Martinez Fischer has had a high profile in the Democratic Party over the last few cycles. He was given a prime speaking slot at the 2014 state party convention, and was recognized by Texas Monthly for his strong work as a legislator last session. Many of his colleagues credit Martinez Fischer and his office with the painstaking process of helping to stop legislation using points of order. He will now return to the House, to the disappointment of many Democratic activists who were eager to see Martinez Fischer go toe-to-toe with Dan Patrick in the upper chamber.

SD-26 is up for election in 2016, so Democrats who think they can fare better in a Democratic primary may step up to challenge Menendez, especially if he ends up being as conciliatory to Republicans as he seemed to suggest on the campaign trail.

In the meantime, a special election for HD-124 will now be called, continuing the endless string of special elections since November 2014. We might eventually get to a full House before sine die.

Ed Note: This post has been edited to accurately reflect the endorsement Martinez Fischer received from BCDP Chairman Manuel Medina.

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About Author

Katherine Haenschen

Katherine Haenschen is a PhD candidate at the University of Texas, where she studies political participation on digital media. She previously managed successful candidate, issue, voter registration, and GOTV campaigns in Central Texas. She is also a fan of UCONN women's basketball and breakfast tacos.

4 Comments

  1. Correction: The Bexar County Democratic Party did not endorse Trey Martínez Fischer. The County Executive Committee met on Tuesday, Feb 10 and heard remarks from both candidates. No resolution of endorsement was even introduced for this race, let alone passed. The Thursday, Feb 12 endorsement was by County Chair Manuel Medina. The individual endorsement was held at BCDP headquarters in such a way as to convey the illusion of a party endorsement, complete with the SD26 SDEC member ripping down José’s sign from in front of the building (as seen on local TV). To borrow your own phrase, that would have been “a shitty way to be elected as a Democrat.” – Joel Mayer, Democratic Precinct Chair, Bexar County Pct 2035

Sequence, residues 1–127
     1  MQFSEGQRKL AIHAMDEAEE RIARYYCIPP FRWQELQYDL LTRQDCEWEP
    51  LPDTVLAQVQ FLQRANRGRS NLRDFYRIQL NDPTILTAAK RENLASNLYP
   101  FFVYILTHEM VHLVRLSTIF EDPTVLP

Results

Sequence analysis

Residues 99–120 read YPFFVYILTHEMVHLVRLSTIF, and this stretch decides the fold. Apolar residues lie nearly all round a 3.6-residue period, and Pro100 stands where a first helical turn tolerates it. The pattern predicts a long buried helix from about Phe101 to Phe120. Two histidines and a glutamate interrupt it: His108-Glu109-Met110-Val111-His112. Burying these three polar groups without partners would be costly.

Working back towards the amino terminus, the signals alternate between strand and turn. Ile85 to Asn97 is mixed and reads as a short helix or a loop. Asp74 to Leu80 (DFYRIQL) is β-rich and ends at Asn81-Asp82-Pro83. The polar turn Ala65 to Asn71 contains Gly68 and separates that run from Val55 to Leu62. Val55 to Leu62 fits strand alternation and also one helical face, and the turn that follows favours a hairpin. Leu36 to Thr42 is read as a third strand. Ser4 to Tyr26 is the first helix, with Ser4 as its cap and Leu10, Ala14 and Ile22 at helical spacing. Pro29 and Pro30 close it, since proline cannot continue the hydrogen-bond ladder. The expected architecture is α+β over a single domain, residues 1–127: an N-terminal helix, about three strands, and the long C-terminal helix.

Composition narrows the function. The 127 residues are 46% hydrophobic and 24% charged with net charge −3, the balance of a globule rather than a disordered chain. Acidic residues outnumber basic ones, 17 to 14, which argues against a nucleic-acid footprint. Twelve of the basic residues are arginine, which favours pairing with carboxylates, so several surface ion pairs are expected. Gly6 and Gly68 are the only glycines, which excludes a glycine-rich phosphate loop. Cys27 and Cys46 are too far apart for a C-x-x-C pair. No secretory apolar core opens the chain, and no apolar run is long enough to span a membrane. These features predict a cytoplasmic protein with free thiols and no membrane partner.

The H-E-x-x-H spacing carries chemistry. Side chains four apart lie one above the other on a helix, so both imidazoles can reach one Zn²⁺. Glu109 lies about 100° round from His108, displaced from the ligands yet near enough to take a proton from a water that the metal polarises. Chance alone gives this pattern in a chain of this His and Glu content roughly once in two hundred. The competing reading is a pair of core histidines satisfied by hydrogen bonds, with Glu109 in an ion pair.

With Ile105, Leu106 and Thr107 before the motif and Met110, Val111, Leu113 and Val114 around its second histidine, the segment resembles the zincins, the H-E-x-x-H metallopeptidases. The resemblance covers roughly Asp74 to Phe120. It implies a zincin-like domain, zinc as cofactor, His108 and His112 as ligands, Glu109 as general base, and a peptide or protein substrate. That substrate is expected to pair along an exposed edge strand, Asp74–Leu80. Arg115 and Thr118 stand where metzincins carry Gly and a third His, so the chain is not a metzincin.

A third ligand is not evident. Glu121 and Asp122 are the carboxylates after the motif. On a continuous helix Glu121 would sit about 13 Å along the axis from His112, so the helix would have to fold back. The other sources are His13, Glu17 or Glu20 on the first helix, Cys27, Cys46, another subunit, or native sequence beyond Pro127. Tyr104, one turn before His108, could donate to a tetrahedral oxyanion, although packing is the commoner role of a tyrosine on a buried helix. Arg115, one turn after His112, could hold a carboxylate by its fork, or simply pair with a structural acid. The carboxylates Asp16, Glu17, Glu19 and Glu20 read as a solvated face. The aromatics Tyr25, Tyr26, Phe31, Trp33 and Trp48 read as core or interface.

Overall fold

2. You didn’t mention what many San Antonio observers think is a big reason Fischer lost. It is, of course, his famous quote from the Texas Democratic Convention that GOP stands for “Gringos y los otros pendejos.” TLR ran TV ads with video from that speech, and it was a tremendous motivator for Republicans. Frankly, it probably didn’t help Trey with some Democrats and independents as well. It was an unfortunate remark. And by the way, all Republicans in Bexar County aren’t Anglos. I haven’t seen the polling for this Senate district, but in some House districts up to 30% of Latinos—or more— vote Republican.